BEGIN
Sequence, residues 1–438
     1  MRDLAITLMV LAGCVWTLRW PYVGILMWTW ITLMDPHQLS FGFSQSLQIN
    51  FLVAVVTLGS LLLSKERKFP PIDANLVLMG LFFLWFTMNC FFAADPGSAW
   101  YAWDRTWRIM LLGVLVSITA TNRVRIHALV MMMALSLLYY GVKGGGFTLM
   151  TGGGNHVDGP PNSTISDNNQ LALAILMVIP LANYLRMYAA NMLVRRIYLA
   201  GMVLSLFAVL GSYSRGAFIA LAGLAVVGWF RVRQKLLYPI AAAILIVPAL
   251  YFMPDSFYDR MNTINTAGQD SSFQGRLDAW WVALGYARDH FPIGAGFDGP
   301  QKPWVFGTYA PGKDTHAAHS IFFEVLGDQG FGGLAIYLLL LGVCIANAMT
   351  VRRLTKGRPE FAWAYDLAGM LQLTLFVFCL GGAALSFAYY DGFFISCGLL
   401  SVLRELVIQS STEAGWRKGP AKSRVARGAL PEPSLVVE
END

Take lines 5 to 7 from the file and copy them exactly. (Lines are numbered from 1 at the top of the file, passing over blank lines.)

   151  TGGGNHVDGP PNSTISDNNQ LALAILMVIP LANYLRMYAA NMLVRRIYLA
   201  GMVLSLFAVL GSYSRGAFIA LAGLAVVGWF RVRQKLLYPI AAAILIVPAL
   251  YFMPDSFYDR MNTINTAGQD SSFQGRLDAW WVALGYARDH FPIGAGFDGP